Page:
The seas throughout the night and day were very rough and the ship tossed and turned quite a bit. The morning included the Morning Show with Cruise Director Jorge interviewing Jesse Kazemek the guest performer and his wife who performed a couple of nights earlier.

Ian lectured on the things to see and do in Sydney followed by a cooking class in America’s Test Kitchen with Spencer who showed us how to make dinner salads. He showed us a classic Caesar salad and a Cobb salad each with a homemade dressing.

For lunch we joined one of our new friends, Pat, and several of her friends for lunch in the Pinnacle Grill. Pat was leaving the following day in Sydney and so we celebrated new friends and future travels. Pat and her family have had a time share in La Jolla for many years and we hope to see her in March or April when she comes to La Jolla for her annual visit.

The afternoon included a lecture by Dr. Mark Lax on the origins of Sydney as a penal colony up through the modern day, including a few suggestions of things to see and do in Sydney.

The evening’s entertainment was a split show with Mentalist Brian Ledbetter and Comedian Darren Sanders.

November 25, 2018 – Mooloolaba, Queensland, Australia

The weather had improved dramatically since we left Asia. The temperatures were considerably cooler and there was much less humidity. Although the seas appeared calm when we arrived in Mooloolaba (moo-Lool-a-ba), the captain cut our visit short by two hours due to expected afternoon swells. Our call in Mooloolaba was a tender port, meaning that we anchored out in the ocean and took smaller tender boats from the ship to shore. This also meant that several of the ship’s shore excursions were cancelled due to the shortened day in port. All aboard was 2:30pm with a 3:00 sailing time.

Mooloolaba is a suburb and tourist resort town located on the Sunshine Coast of Queensland, Australia. It is about 60-miles north of Brisbane with a population of only about 8,000 inhabitants. The area has many man-made canals with homes built on them, each with their own boat dock. Many of the homes are new and the architecture is quite modern in style. Mooloolaba derives its name from the Aboriginal word mulu meaing Snapper Fish, or mulla meaning Red Bellied Black Snake. Originally known as Mooloolah Heads, the name was changed to Mooloolaba by Thomas O’Conner in 1919 when he subdivided the land for sale.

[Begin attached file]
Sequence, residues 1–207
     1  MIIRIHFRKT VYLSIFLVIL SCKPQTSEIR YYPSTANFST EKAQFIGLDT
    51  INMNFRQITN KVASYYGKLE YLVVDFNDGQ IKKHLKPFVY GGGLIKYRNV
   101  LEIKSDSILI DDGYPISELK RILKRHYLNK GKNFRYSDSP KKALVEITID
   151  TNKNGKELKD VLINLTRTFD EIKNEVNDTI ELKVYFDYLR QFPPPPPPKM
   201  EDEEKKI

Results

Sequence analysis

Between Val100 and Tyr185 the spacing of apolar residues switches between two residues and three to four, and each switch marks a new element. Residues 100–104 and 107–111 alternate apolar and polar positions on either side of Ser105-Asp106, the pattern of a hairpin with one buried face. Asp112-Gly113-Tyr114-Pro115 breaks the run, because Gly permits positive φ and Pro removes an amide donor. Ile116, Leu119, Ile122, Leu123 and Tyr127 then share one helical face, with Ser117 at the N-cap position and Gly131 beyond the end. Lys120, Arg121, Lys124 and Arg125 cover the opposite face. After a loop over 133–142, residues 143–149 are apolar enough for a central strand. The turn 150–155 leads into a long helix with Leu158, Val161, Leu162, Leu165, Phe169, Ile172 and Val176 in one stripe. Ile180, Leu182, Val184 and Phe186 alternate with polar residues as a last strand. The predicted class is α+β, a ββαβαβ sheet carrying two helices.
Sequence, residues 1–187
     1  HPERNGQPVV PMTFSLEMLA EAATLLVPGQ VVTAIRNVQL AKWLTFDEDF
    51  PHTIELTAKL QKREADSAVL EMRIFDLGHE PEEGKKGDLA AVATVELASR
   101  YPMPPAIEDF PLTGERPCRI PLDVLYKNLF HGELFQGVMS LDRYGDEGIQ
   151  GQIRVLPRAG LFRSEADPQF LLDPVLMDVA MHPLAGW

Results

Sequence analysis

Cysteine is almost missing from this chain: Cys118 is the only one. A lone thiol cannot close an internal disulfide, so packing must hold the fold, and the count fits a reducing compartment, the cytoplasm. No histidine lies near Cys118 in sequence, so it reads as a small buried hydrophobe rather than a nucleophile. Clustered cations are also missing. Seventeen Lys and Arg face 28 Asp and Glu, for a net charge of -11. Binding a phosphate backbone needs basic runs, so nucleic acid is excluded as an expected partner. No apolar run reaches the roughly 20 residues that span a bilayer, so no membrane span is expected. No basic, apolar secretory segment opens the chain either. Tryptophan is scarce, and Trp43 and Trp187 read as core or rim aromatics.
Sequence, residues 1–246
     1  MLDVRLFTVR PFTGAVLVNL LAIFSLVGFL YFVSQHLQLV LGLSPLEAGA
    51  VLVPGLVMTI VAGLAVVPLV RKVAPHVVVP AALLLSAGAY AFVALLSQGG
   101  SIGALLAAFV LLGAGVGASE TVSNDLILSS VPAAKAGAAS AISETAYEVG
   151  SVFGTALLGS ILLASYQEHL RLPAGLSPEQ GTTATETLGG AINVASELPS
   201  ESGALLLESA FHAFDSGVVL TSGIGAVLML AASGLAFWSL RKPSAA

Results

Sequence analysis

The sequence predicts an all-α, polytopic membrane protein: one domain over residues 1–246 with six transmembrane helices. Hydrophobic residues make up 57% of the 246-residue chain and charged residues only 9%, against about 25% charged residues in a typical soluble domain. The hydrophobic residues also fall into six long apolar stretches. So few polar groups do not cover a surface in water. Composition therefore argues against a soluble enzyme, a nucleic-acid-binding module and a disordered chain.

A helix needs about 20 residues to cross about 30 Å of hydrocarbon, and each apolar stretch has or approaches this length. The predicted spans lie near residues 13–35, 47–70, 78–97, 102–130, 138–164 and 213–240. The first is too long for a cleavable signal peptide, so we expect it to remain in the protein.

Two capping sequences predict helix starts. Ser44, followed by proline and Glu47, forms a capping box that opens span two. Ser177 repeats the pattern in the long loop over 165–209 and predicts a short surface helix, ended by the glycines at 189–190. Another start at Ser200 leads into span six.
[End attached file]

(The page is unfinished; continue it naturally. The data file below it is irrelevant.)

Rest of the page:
The dock where the tender boats dropped us off is located in a beautiful canal area with many shops, an underwater world marine park, souvenir shops, galleries and restaurants. The white sand beaches are expansive and filled with tourists enjoying swimming, boating, sailing, kayaking and sunbathing. The town was very neatly manicured and well maintained.

Friends, Greg and Tony who used to live in Sydney, had moved to a town near Mooloolaba about eight months ago. They were kind enough to pick us up at the pier and drive us to their new home for a visit and lunch. They are retired flight attendants from Qantas Airlines whom Kent met (Greg) back in 1976. At their home were a couple of other retired flight attendants from Qantas who live on the gold coast about 90 minutes south of Mooloolaba. We had a wonderful, although all too short of a visit with them including a delightful lunch of pasta with prawns. They returned us to the pier in time to board the ship for our onward journey to Sydney. The sea swells had increased and the tender ride was a bit rocky but all made it safely back onboard the ship.  Brian joined us again for dinner.

The evening’s entertainment was a second performance by the group from London called Graffiti Classics. The fourth member of their group was able to arrive onboard and performed with them. They had another energetic, entertaining and funny show of classical music and comedy.

November 24, 2018 – Sea Day

Spencer-America’s Test Kitchen Chef

This sea day was filled with more lectures. Jorge’s coffee chat was with Reef Pilot, Captain Hulsebos. Following the morning show, Ian discussed things to see and do to make the most of our time in Mooloolaba, Australia.

Mark attended a Pearls seminar to support Jon and Brian, the pearl sellers onboard. They were having a pearl seminar but were having a difficult time getting people to come to the seminar. In the end there were only six of us who attended the talk on pearls. In the seminar Brian talked about the types of pearls, color of different pearls, the care of pearls, size of the pearls as well as pearls worn by famous people in history.

Mark attended a cooking class with Spencer about Getting to Know Chilis where he learned about a variety of chilis used in cooking. Meanwhile, Kent attended a talk with the Amsterdam cast of singers and dancers and the production staff where he enjoyed the backstage tour (again) and chatting with the stars!

In the afternoon there was a lecture by Tim Runyun about the Pacific Origins of the Smithsonian. Following that was a lecture by Mark Lax on the Story of Coffee.

The LGBTQ group has been meeting in the Crow’s Nest bar at 5:00pm each day when we are not still in a port. The group is fairly small with only four or five people attending regularly. However, we enjoy sharing stories about our day.

Brian, the Mentalist, joined us again for dinner in the dining room where we shared a table with Henry and David from Seattle not far from where Brian lives. The evening’s entertainment was a guitarist by the name of Jesse Kazemek who performed a Tribute to the Beatles. Jesse’s father introduced him to a Beatles album when he was very young and it projected his life’s path of learning and performing the more than 200 songs that the Beatles recorded. His wife also joined him on stage for a few songs.